The sentencing phase of her trial started shortly after the conviction and the verdict was read here in the Dallas County courthouse. The first person that testified in the sentencing phase was Botham Jean's mother, who talked about how much she misses her son, what a hole in her life this tragedy has left. And they also detailed what a beacon of light the young man was in his community, the charity work that he had done, the different groups and philanthropic efforts he was involved with.

Prosecutors also showed some offensive text messages and social media posts that were rather scathing and Amber Guyger, if she decides to testify on her own behalf in this sentencing phase, will have to answer to and will be seriously questioned about. So anticipate that as here on Wednesday morning as the sentencing phase continues. We expect to hear from defense attorneys who are trying to minimize the amount of time Amber Guyger will spend in prison -- Dave and Christine.


ROMANS: All right. Ed Lavandera for us in Dallas, thank you for that.

A key figure in the college admissions scandal agreeing to plead guilty and cooperate with federal investigators. Igor Dvorsky administered the tests at his West Hollywood private school where dozens of wealthy parents allegedly had their children's SAT and ACT exams fixed.


Court documents revealed Dvorsky took bribes from Rick Singer, the consultant at the center of the emission scandal. Dvorsky allowed a test-fixing fraud to continue at his school for years. Prosecutors said they would recommend a lower sentence if he provides substantial assistance. BRIGGS: North Korea flexing more military muscle, firing a ballistic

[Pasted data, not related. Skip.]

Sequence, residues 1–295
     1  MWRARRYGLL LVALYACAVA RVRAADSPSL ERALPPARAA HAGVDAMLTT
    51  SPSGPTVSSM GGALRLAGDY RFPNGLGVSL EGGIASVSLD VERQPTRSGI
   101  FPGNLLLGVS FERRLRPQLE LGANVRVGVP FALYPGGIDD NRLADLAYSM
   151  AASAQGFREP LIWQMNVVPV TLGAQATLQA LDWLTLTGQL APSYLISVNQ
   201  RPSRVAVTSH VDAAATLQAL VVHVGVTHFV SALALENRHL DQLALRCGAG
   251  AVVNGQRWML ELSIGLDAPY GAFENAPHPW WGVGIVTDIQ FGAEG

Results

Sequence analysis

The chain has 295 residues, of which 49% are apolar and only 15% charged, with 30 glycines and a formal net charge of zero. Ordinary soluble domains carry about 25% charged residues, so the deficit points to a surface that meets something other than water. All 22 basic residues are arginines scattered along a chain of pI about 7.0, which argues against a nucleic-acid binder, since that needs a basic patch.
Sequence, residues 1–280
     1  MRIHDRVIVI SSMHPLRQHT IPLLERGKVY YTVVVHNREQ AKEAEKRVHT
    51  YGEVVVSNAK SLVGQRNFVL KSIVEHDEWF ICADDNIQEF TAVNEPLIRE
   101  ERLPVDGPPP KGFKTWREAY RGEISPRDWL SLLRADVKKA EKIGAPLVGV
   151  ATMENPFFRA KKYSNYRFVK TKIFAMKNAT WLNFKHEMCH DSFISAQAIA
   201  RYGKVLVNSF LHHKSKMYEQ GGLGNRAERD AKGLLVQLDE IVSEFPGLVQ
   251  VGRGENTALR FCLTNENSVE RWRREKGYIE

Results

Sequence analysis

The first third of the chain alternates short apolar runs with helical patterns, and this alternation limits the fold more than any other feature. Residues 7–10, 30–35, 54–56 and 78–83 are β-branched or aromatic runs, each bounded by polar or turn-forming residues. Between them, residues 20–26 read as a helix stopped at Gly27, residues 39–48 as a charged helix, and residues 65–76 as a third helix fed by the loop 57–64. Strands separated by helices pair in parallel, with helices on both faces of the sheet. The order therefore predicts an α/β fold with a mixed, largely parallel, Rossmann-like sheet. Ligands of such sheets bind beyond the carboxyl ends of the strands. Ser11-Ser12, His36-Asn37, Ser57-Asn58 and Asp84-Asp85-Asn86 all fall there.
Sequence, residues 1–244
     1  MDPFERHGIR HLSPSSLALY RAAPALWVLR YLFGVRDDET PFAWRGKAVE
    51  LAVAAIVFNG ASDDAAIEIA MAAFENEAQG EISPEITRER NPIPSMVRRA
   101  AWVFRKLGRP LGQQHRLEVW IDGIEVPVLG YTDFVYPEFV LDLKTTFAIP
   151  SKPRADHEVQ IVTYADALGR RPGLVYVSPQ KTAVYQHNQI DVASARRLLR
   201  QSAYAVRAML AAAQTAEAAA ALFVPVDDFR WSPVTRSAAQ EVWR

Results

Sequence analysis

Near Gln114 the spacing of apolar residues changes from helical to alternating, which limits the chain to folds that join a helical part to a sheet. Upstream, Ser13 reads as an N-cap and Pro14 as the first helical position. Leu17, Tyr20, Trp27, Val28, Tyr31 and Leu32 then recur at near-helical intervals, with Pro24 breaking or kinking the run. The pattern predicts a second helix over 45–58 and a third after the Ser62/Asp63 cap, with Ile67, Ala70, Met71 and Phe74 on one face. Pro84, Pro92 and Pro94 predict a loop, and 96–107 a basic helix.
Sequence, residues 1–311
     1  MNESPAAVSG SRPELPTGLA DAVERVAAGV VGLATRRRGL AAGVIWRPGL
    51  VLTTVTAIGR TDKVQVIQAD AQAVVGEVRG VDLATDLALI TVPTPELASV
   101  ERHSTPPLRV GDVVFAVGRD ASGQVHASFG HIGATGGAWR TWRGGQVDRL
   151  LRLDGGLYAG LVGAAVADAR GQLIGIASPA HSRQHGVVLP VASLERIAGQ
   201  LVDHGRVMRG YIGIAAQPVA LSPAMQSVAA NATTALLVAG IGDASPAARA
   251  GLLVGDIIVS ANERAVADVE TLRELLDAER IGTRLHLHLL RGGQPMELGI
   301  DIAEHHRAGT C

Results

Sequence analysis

missile from an underwater launch platform. The latest aggression coming a day after North Korea agreed to resume nuclear talks with the U.S.

Paula Hancocks live in Seoul, South Korea, with the latest.

Paula, good morning. What are you learning?

PAULA HANCOCKS, CNN INTERNATIONAL CORRESPONDENT: Well, Dave, as you say, we did understand from a U.S. official that this was a launch from an underwater platform. So, it was potentially to be used by a submarine when used for real, but that was not involved in this particular test. But it's a significant test in the fact that it is pushing the envelope more than we have seen in recent months.

This is the 11th test that we've seen from Pyongyang since just May this year. So, certainly, you can see that they are trying to test more than just those short-range ballistic missiles and also the guided weapons systems that President Donald Trump has said that he's not too concerned with.

Now, we heard from Japan that it was one missile, they believed, it broke into two pieces. One of those parts actually landed in the economic zone of Japanese water, as well. So they say this is against U.N. resolutions.

We also heard from a State Department spokesperson, just in the past half hour or so, saying that they want North Korea to refrain from any kind of provocations. Also saying that they have to abide by their obligations under those U.N. Security Council resolutions, a little more condemnation than we have seen over recent months.

But, of course, it does come just after the U.S. and North Korea agreed that they would meet, potentially as early as this weekend. So, certainly, it's a question mark as to why North Korea would do this now. Are they saying that short-range missiles, et cetera, are off the negotiating table? And are they showing that they have been emboldened by the fact that U.S. President Donald Trump is not concerned by some of these launches.